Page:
By on October 15, 2014

12 - 1981 Volkswagen Transporter Westfalia Down On the Junkyard - Picture courtesy of Murilee MartinThis being Colorado, I see quite a few Volkswagen Vanagons on the street and in local wrecking yards. Mostly I ignore them for this series, because their local popularity means examples that show up at a Denver self-service yard get stripped immediately and aren’t very interesting photographic subjects. So far, we’ve seen just this exquisitely stereotype-reinforcing Steal Your Face Edition ’83, and that’s it prior to today’s find. An ordinary Vanagon with most of the parts gone, I’m not shooting it. A Vanagon Syncro (which I believe to be the most unwise money-pit available on four wheels or a Westfalia Camper, on the other hand, I’m always willing to photograph those rare birds. Here’s a squalid ’81 Westy that I found at a Denver yard last week.
17-Racing_Vans_In_24_Hours_of_LeMonsBy the way, it turns out that a VR6-swapped Vanagon Westfalia can get around Sears Point pretty quickly.
05 - 1981 Volkswagen Transporter Westfalia Down On the Junkyard - Picture courtesy of Murilee MartinThis one is a P22, which (from what I can tell from skimming fanatical Vanagon websites) was the lightweight “day camper” version.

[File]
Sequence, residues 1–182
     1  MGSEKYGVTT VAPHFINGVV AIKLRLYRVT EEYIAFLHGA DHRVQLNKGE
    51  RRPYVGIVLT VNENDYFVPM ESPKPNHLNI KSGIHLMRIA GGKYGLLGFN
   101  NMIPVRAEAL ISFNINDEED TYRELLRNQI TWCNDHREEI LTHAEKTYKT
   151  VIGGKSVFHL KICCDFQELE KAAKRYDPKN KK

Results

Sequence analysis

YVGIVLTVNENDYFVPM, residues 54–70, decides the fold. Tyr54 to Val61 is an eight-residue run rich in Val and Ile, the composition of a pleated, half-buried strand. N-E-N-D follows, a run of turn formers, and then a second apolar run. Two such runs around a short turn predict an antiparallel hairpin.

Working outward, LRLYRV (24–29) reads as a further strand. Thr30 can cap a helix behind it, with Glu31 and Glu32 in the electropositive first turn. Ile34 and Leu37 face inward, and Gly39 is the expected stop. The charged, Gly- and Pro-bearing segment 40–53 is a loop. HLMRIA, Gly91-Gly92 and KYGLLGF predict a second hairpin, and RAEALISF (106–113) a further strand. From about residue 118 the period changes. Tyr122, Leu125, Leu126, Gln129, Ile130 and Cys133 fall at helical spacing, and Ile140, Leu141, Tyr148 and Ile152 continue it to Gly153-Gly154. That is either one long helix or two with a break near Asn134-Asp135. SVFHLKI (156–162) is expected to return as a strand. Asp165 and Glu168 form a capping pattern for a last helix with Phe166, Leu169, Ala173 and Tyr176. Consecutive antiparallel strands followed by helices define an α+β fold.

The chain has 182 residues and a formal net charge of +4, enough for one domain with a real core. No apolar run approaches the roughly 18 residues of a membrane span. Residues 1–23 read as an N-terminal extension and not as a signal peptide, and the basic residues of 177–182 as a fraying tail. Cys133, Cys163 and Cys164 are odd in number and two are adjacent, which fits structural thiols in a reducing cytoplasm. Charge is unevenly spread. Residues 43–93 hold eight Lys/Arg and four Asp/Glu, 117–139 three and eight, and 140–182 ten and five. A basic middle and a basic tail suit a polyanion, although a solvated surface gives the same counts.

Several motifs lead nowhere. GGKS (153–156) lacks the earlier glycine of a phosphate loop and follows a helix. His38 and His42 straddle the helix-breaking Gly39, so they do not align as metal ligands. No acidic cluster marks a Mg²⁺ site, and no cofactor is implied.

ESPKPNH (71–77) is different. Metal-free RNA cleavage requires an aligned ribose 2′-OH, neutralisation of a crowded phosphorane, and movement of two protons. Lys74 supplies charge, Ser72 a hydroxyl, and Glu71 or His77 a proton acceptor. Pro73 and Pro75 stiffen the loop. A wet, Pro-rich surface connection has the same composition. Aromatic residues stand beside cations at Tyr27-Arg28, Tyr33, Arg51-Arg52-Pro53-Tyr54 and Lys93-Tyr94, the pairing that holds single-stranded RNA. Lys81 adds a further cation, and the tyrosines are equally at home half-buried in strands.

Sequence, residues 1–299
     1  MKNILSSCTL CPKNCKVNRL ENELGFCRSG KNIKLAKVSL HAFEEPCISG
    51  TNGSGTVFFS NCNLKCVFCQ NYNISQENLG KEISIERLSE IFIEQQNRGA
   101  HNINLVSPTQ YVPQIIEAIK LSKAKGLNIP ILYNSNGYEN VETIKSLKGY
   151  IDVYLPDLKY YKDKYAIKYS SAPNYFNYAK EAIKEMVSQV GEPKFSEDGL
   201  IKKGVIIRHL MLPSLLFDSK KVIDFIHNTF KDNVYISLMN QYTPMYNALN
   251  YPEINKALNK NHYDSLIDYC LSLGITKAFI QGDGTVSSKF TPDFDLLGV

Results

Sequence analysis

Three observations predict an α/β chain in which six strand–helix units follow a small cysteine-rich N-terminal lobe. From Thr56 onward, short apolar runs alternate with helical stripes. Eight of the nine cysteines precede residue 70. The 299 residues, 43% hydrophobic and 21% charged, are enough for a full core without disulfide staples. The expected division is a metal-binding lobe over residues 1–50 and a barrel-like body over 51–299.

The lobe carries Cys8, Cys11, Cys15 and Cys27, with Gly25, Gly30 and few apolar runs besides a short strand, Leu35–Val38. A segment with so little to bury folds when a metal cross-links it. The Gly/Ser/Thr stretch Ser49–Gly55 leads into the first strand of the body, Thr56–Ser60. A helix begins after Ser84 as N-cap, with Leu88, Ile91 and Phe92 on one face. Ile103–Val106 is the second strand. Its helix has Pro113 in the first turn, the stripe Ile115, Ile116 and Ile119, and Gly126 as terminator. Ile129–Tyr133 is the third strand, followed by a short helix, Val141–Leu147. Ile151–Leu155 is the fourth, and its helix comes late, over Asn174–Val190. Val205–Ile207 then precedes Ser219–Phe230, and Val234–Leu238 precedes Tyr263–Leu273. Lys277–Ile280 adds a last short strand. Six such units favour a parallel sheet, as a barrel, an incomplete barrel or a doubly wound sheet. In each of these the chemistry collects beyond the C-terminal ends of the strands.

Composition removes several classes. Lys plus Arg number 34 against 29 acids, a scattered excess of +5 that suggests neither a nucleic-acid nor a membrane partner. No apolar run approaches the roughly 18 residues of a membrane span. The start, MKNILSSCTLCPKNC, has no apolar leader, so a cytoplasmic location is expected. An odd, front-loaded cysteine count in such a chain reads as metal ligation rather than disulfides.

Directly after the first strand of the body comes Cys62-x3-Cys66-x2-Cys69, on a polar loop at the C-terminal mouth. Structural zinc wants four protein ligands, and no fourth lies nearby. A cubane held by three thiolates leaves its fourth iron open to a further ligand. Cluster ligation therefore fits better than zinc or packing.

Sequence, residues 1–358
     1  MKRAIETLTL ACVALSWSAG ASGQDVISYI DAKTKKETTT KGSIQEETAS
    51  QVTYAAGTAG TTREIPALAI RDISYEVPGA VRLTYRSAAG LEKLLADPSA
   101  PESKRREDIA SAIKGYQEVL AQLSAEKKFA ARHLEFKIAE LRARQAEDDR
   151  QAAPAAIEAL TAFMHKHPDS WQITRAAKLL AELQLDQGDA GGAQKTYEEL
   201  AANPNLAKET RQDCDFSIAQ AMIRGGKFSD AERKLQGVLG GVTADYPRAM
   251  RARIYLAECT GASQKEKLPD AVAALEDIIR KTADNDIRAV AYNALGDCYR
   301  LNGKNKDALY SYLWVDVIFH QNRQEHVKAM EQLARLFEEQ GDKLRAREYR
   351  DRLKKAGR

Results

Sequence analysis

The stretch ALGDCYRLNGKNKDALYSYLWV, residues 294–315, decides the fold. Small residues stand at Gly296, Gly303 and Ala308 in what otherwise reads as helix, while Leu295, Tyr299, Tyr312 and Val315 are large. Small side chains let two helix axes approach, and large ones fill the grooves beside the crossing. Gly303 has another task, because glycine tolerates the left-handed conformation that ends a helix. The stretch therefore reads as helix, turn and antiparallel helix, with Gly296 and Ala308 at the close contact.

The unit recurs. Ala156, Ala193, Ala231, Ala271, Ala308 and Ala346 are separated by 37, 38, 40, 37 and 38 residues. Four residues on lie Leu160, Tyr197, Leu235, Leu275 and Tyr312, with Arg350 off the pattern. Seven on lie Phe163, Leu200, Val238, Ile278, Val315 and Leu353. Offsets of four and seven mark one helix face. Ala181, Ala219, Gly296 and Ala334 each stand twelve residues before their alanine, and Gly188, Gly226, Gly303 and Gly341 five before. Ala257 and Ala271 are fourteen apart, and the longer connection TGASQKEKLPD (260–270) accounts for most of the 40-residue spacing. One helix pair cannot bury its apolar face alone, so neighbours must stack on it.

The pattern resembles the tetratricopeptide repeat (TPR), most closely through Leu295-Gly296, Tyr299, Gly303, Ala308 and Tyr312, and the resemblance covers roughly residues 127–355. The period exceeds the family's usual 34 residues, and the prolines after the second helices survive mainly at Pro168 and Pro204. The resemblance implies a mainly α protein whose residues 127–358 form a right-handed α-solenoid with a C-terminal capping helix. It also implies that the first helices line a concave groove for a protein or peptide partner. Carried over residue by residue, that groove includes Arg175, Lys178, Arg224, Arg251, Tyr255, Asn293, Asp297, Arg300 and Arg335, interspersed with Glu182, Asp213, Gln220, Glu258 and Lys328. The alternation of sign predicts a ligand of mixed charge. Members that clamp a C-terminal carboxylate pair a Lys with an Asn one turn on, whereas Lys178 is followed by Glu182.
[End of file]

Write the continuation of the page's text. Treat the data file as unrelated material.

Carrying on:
07 - 1981 Volkswagen Transporter Westfalia Down On the Junkyard - Picture courtesy of Murilee MartinThe pop-up roof tent is long gone, of course.
14 - 1981 Volkswagen Transporter Westfalia Down On the Junkyard - Picture courtesy of Murilee MartinIt appears that this van got de-camperized quite a while before it took the final ride to the junkyard.
03 - 1981 Volkswagen Transporter Westfalia Down On the Junkyard - Picture courtesy of Murilee MartinPatina!
06 - 1981 Volkswagen Transporter Westfalia Down On the Junkyard - Picture courtesy of Murilee MartinNot a whole lot left here, and I must assume that the stuff that made it a Westfalia lives on in other Vanagons (or was burned as biohazardous waste, take your pick).

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25 Comments on “Junkyard Find: 1981 Volkswagen Vanagon Westfalia Camper Type P22...”